```{r}
student_names <- c("Bill", "Jane", "Sarah", "Fred", "Paul")
math_scores <- c(80, 75, 91, 67, 56)
verbal_scores <- c(72, 90, 99, 60, 68)
```
There are shortcuts for creating vectors with certain structures, for instance:
```{r}
nums1 <- 1:100
nums2 <- seq(-10, 100, by=5) # -10, -5, 0, ..., 100
nums3 <- seq(-10, 100, length.out=467) # 467 equally spaced numbers between -10 and 100
```
Notice that we used `seq` to generate both `nums1` and `nums2`. The different behavior is controlled by which arguments (e.g. `by`, `length.out`) are supplied to the function `seq`.
With vectors we can carry out some of the most fundamental tasks in data analysis, such as descriptive statistics
```{r}
mean(math_scores)
min(math_scores - verbal_scores)
summary(verbal_scores)
```
and plots.
```{r}
plot(x=math_scores, y=verbal_scores)
text(x=math_scores, y=verbal_scores, labels=student_names)
```
It's easy to pull out specific entries in a vector using `[]`. For example,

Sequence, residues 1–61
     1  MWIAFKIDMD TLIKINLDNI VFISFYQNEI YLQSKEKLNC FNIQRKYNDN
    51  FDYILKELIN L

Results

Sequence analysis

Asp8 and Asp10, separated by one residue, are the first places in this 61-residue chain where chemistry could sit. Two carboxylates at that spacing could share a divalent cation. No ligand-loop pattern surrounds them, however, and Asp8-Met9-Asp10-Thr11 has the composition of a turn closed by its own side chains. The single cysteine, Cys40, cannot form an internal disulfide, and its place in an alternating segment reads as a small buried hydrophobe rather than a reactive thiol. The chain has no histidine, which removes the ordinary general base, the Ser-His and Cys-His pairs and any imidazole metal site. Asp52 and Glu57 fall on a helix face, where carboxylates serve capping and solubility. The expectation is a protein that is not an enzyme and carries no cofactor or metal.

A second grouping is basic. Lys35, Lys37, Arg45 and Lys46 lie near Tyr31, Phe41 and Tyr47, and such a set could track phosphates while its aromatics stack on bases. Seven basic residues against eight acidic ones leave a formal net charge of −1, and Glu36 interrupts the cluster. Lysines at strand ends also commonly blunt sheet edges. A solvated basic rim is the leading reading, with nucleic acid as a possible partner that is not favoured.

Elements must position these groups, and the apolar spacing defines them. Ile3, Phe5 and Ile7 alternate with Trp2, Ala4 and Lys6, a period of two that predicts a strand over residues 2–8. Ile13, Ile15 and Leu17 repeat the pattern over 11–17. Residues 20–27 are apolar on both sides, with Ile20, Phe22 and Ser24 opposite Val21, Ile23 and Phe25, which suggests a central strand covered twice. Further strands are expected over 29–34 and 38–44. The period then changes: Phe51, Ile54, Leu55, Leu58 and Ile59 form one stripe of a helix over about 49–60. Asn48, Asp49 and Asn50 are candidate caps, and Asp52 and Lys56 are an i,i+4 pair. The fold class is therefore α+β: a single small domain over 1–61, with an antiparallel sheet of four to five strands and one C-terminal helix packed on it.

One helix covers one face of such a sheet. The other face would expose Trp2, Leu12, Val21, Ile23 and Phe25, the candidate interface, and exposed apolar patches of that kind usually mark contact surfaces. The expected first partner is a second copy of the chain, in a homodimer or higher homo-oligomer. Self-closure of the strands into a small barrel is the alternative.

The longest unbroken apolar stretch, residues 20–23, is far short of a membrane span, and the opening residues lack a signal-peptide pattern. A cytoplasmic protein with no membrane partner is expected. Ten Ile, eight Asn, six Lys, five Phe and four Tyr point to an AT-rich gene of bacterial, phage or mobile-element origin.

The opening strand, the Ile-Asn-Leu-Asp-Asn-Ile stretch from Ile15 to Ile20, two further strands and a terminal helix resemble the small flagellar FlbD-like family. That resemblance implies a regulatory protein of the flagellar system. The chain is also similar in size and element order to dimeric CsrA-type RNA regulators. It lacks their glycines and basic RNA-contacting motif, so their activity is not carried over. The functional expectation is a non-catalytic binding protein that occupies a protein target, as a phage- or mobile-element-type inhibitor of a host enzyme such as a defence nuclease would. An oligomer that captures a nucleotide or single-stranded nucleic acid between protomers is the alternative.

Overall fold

```{r}
math_scores[3]
math_scores[1:3]
math_scores[-(4:5)]
math_scores[which(verbal_scores >= 90)]
math_scores[3] <- 92
math_scores
```
#### Data frames
Data frames allow us to combine many vectors of the same length into a single object.
```{r}
students <- data.frame(student_names, math_scores, verbal_scores)
students
summary(students)
```
Notice that `student_names` is a different class (character) than `math_scores` (numeric), yet a data frame combines their values into a single object. We can also create data frames that include new variables:
```{r}
students$final_scores <- 0
students$final_scores <- (students$math_scores + students$verbal_scores)/2
age <- c(18, 19, 20, 21, 22)
students2 <- data.frame(student_names, age)
# merge different data frames
students3 <- merge(students, students2)
students3
```
#### Lists
Lists are an even more flexible way of combining multiple objects into a single object. As you will see throughout the course, we will use lists to store the output of our scraping steps. Using lists, we can combine together vectors of different lengths: